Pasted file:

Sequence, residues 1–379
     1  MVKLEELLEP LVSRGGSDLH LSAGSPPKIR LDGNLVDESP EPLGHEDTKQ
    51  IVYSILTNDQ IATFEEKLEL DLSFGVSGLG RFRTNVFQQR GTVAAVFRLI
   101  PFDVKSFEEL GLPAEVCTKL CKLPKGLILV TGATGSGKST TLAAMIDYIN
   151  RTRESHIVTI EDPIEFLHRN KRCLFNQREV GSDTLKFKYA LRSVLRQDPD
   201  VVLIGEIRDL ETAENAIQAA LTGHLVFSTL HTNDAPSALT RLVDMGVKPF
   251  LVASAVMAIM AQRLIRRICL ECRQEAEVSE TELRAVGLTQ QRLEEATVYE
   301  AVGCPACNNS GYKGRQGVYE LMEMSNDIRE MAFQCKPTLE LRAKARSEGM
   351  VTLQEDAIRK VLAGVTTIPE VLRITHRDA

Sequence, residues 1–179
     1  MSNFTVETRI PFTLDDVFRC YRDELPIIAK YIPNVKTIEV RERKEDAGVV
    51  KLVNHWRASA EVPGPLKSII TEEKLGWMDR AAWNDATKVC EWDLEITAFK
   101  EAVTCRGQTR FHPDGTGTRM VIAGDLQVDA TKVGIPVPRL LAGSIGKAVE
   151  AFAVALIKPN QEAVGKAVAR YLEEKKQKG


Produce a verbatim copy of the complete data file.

Sequence, residues 1–379
     1  MVKLEELLEP LVSRGGSDLH LSAGSPPKIR LDGNLVDESP EPLGHEDTKQ
    51  IVYSILTNDQ IATFEEKLEL DLSFGVSGLG RFRTNVFQQR GTVAAVFRLI
   101  PFDVKSFEEL GLPAEVCTKL CKLPKGLILV TGATGSGKST TLAAMIDYIN
   151  RTRESHIVTI EDPIEFLHRN KRCLFNQREV GSDTLKFKYA LRSVLRQDPD
   201  VVLIGEIRDL ETAENAIQAA LTGHLVFSTL HTNDAPSALT RLVDMGVKPF
   251  LVASAVMAIM AQRLIRRICL ECRQEAEVSE TELRAVGLTQ QRLEEATVYE
   301  AVGCPACNNS GYKGRQGVYE LMEMSNDIRE MAFQCKPTLE LRAKARSEGM
   351  VTLQEDAIRK VLAGVTTIPE VLRITHRDA

Sequence, residues 1–179
     1  MSNFTVETRI PFTLDDVFRC YRDELPIIAK YIPNVKTIEV RERKEDAGVV
    51  KLVNHWRASA EVPGPLKSII TEEKLGWMDR AAWNDATKVC EWDLEITAFK
   101  EAVTCRGQTR FHPDGTGTRM VIAGDLQVDA TKVGIPVPRL LAGSIGKAVE
   151  AFAVALIKPN QEAVGKAVAR YLEEKKQKG